Ali, Whiting, and Dobie were connected to the organization in different ways. Ali was a close friend and drug customer of Martin's. Over the period of the investigation, Ali contacted Martin by phone an average of three times per day. Authorities intercepted numerous phone calls during which Ali sought drugs from Martin. Authorities also recorded Ali discussing with Martin the arrests of other members of the conspiracy. During the investigation, intercepted calls indicated that Martin was becoming concerned that authorities would raid her residence and that she had decided to relocate her drug business from her residence to a performing arts school that she owned.
Subsequently, surveillance cameras captured Ali helping Martin move bags from Martin's residence to the performing arts school.
Ali also stored in her home a locked suitcase belonging to Martin. Upon raiding Ali's residence, inside the suitcase authorities discovered $129,600 in currency and several papers bearing Martin's name.
Whiting was another drug customer of Martin's. In addition to buying drugs from Martin, Whiting also purchased drugs for resale from another member of the conspiracy, Emilio Echarte, one of Martin's drug suppliers. To repay a debt owed to Echarte relating to the resale of drugs, Whiting drove Echarte to pick up drugs from a bus arriving in Virginia.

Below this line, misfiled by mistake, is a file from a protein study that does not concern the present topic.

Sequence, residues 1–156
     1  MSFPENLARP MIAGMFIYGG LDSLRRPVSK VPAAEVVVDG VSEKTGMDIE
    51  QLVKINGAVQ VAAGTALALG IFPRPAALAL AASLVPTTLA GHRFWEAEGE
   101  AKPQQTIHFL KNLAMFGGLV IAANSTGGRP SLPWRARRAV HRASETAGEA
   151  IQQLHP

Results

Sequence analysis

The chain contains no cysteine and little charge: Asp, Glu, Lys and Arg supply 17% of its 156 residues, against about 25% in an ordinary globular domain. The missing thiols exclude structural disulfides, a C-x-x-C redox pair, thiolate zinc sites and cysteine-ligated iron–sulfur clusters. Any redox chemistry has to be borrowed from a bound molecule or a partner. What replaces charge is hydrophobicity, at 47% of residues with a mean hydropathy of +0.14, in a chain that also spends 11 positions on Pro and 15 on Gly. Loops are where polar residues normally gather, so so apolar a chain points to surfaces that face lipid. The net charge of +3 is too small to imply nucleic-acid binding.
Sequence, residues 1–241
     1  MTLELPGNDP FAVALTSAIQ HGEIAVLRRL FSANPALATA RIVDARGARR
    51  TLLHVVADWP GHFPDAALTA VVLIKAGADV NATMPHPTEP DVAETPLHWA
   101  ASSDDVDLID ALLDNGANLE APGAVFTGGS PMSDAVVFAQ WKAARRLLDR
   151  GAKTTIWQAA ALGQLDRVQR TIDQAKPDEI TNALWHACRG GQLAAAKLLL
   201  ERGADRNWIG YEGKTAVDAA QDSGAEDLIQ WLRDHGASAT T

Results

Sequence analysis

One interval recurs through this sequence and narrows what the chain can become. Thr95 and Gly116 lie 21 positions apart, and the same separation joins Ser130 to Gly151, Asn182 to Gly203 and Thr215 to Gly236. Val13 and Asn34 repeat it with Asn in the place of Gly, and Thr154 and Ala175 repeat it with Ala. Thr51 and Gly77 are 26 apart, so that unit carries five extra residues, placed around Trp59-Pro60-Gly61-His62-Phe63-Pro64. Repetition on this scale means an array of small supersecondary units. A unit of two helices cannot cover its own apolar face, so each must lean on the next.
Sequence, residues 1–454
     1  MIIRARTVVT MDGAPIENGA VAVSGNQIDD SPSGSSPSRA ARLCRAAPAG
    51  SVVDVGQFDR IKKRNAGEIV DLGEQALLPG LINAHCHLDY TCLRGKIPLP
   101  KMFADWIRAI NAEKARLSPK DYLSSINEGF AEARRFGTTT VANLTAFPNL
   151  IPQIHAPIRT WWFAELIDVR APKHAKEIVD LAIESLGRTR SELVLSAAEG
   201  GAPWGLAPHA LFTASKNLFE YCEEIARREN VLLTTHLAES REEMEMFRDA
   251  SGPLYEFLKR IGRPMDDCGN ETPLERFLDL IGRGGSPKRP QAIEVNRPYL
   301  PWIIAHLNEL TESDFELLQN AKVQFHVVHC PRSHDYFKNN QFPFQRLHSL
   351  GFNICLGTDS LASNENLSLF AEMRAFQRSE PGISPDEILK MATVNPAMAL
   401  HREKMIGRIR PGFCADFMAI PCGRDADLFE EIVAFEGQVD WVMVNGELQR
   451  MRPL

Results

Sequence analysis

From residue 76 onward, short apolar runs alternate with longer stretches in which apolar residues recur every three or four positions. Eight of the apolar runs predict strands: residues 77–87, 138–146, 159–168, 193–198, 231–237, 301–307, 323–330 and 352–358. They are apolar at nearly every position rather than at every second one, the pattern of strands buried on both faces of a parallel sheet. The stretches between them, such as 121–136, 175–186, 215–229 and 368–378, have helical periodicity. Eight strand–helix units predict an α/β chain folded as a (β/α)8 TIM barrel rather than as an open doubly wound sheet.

Dobie purchased heroin and cocaine from Martin for the purpose of resale. Authorities recorded Dobie on multiple occasions discussing with Martin the resale of drugs.
Authorities also recorded Dobie discussing with Martin the arrest of another member of the conspiracy. Authorities raided Dobie's residence on June 1, 2004, and found 11.65 grams of heroin, drug paraphernalia, and two handguns.
Count One of the indictment on which they were tried charged Ali, Whiting, and Dobie with violating 21U.S.C. § 846 by conspiring among themselves and with others to distribute and possess with intent to distribute five kilograms or more of cocaine, one kilogram or more of heroin, and fifty grams or more of cocaine base, in violation of 21U.S.C. § 841. Count SixtyOne of the indictment charged Dobie with possession of a firearm in furtherance of a drug trafficking conspiracy, in violation of 18U.S.C. § 924(c). The indictment also charged Ali, Whiting, and Dobie with multiple counts of using a communication facility in the commission of a felony.